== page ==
Technological Updates to Prescription Glasses

Many people do not like to wear prescription glasses. They say that prescription glasses induce headaches and are cumbersome to wear. There are also complaints that they cannot be worn in all situations. Meanwhile, a lot of people are spending extended hours in front of their mobile devices and computers. So there is some concern about their eyesight being affected also.

Stephen Curtis, the chairman at Superfocus, a technology driven eyeglass company said that the eyeglass market is very slow when it comes to adopting changes. Others are saying that there has not been any major innovation in the eyeglass industry since Benjamin Franklin invented the bifocals.

But there are exciting times. Many companies are already working on making prescription glasses more comfortable. As a result, innovations such as automatic focus adjustment, glasses to filter out harmful rays from mobile devices & computers and iPhone apps that can improve vision have been developed.

Melanin infused glasses

One area where cutting edge research is being conducted is the reduction of eyestrain in people who spend a lot of time at their computers and mobile phones. Many optometrists believe that the light emitted by such devices have the potential to damage the viewer’s eyesight, even though it has not been proven conclusively.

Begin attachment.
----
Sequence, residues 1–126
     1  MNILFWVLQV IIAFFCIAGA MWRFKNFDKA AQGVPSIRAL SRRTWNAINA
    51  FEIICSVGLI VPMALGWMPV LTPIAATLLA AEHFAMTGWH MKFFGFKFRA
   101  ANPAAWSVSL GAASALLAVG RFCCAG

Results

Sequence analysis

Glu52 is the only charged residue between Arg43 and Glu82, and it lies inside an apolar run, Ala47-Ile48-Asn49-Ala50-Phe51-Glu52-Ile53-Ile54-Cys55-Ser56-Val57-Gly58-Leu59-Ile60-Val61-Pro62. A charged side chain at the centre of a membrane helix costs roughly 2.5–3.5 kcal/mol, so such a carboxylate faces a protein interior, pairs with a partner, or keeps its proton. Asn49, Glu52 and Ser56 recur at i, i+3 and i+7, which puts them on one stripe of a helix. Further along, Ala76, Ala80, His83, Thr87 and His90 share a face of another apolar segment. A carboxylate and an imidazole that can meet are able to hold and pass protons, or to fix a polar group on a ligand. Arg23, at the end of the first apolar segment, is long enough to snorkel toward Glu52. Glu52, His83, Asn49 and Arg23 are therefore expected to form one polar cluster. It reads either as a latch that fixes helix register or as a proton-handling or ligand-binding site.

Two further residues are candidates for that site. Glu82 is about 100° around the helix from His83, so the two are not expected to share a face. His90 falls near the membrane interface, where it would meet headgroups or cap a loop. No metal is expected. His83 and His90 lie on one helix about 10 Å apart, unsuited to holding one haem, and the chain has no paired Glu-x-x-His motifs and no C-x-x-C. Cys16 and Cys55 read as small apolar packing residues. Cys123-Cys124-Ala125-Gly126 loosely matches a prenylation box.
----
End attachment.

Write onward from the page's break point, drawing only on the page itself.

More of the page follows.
One innovative company has gone a step further and infused eyeglasses with melanin, the same natural pigment found in the skin and in the iris. The company claims the glasses are able to filter out UV radiation and blue light (which has high energy). These glasses come with a yellowish tint and they are available in all prescriptions. Other companies have developed lenses with coatings that filter blue-light.

iPhone app to improve vision

Another company has developed an iPhone app that supposedly enhances near vision. The company claims that vision is affected by two factors- The image quality captured by the eye and capability of the brain to process the image. The company also says that users who spend 15 minutes a day, three days every week, for a period of three months training on their app can teach their brain to interpret blurred images better.

Some of these innovations have reached the market but they are not widely available yet. So if they are not available at your neighborhood eyeglass store, now you know why. Also, in the absence of proper data, it would be wise to wait and watch, till a time more conclusive evidence is available on these technologies.